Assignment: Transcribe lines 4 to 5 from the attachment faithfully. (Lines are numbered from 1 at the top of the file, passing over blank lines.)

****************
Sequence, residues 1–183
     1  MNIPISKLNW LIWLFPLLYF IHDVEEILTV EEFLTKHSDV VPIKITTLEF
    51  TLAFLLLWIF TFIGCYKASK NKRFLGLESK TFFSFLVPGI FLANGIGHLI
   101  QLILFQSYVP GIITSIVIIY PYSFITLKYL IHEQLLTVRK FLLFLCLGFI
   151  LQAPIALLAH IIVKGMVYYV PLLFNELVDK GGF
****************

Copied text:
   101  QLILFQSYVP GIITSIVIIY PYSFITLKYL IHEQLLTVRK FLLFLCLGFI
   151  LQAPIALLAH IIVKGMVYYV PLLFNELVDK GGF